AGO

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Attorney General of Florida — OpinionAug 12, 1976
76-164 (Ops. Fla. Atty. Gen. Aug. 12, 1976)

August 12, 1976

RE: TAXATION SUPPLIES OF TIRES AND SPARE PARTS HELD FOR USE IN LEASED VEHICLES TAXABLE AS INVENTORY; FUEL FOR LEASED VEHICLES TAXABLE AS TANGIBLE PERSONAL PROPERTY

Spare parts as taxable inventory


QUESTION: Are supplies of motor fuel, tires, and repair parts held for the sole purpose of operation and maintenance of rental cars and trucks to be considered inventory for purpose of assessing the personal property tax?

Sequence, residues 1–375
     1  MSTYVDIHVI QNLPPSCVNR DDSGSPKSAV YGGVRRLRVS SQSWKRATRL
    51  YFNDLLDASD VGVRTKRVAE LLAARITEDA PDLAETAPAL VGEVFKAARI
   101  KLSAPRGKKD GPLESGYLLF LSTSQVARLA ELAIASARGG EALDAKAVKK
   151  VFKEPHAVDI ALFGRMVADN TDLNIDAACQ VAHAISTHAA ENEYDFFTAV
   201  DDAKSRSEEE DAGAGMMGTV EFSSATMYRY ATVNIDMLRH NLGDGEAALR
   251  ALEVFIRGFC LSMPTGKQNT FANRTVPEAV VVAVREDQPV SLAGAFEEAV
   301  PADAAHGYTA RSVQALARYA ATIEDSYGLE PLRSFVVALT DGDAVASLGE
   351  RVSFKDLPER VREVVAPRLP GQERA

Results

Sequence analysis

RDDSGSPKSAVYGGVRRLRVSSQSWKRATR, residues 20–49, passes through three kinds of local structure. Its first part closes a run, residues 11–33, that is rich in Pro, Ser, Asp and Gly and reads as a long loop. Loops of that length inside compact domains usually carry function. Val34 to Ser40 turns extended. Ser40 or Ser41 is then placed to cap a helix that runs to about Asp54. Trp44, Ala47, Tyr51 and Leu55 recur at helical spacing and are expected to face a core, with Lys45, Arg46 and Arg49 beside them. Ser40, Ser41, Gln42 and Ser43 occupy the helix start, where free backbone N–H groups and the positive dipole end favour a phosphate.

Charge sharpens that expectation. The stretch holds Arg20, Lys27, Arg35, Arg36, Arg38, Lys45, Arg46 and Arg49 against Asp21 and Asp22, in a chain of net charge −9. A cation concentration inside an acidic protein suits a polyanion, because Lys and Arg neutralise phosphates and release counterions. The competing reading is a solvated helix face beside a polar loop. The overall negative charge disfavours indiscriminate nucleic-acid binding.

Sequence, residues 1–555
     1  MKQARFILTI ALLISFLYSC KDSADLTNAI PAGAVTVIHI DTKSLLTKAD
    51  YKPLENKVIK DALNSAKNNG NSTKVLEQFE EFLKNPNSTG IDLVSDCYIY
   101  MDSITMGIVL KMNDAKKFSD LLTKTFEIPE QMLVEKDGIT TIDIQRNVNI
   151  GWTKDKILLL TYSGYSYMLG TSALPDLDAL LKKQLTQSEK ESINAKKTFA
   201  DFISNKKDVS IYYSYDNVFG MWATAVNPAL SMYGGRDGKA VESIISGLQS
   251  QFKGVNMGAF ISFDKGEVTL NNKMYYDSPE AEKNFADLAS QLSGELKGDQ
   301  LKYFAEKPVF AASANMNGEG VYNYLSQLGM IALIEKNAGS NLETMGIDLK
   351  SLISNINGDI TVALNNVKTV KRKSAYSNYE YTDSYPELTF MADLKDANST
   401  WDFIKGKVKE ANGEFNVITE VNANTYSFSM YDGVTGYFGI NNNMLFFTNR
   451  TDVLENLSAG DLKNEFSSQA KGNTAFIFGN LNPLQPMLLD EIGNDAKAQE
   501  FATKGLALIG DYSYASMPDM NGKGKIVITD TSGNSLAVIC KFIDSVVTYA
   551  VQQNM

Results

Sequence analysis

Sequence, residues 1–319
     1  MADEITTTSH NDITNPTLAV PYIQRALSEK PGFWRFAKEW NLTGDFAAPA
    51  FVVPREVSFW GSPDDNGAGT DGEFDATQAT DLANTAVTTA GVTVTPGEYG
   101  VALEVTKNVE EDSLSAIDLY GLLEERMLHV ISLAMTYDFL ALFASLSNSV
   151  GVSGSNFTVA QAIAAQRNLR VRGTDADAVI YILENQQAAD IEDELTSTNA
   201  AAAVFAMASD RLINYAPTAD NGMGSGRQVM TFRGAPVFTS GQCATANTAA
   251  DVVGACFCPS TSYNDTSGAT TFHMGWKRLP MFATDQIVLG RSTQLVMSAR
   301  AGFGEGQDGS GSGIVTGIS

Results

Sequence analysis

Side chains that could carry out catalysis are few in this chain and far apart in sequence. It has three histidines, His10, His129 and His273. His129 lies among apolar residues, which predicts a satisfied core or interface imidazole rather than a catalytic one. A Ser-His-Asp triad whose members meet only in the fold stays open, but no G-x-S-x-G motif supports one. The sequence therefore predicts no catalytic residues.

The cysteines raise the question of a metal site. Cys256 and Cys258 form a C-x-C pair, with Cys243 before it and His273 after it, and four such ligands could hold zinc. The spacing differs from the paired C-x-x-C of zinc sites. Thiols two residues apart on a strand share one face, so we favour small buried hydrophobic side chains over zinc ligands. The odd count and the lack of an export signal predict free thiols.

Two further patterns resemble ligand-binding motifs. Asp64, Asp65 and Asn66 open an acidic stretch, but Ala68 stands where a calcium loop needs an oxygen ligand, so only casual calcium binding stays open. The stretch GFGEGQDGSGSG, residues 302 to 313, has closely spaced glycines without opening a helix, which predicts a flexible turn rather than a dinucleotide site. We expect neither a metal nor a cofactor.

SUMMARY: Supplies of tires and repair parts held for the sole purpose of physical incorporation in vehicles held for sale or lease to customers in the ordinary course of business constitute inventory within the purview of s. 192.001(11)(c), F. S., prior to their physical incorporation in the vehicles. Supplies of motor fuel held for the sole purpose of use in vehicles leased to customers in the ordinary course of business, being consumed with use, constitute tangible personal property within the purview of s. 192.001(11)(d), F. S. The file accompanying the opinion request reflects that a truck rental firm engages in the business of leasing vehicles on both longand short-term rentals to various customers. Pursuant to the lease contracts, the truck rental firm is obligated to furnish gasoline, repair parts, and tires on the vehicles during the course of the lease. The truck rental firm therefore maintains a stockpile of fuel, parts, and tires based upon anticipated lease needs. It is the proper method of ad valorem taxation of such supplies that is the subject of this opinion. Two mutually exclusive definitions found in s. 192.001(11)(c) and (d), F. S., play the determinative role in this matter. The former paragraph provides the definition of inventory as follows: "Inventory" means only those chattels consisting of items commonly referred to as goods, wares, and merchandise (as well as inventory) which are held for sale or lease to customers in the ordinary course of business. Supplies and raw materials shall be considered to be inventory only to the extent that they are acquired for sale or lease to customers in the ordinary course of business or will physically become a part of merchandise intended for sale or lease to customers in the ordinary course of business. Partially finished products which when completed shall be held for sale or lease to customers in the ordinary course of business shall be deemed items of inventory. All livestock shall be considered inventory. Items of inventory held for lease to customers in the ordinary course of business, rather than for sale, shall be deemed inventory only prior to the initial lease of such items. Items of inventory refers to the total of such items in a class or category assessable to a particular taxpayer. (Emphasis supplied.)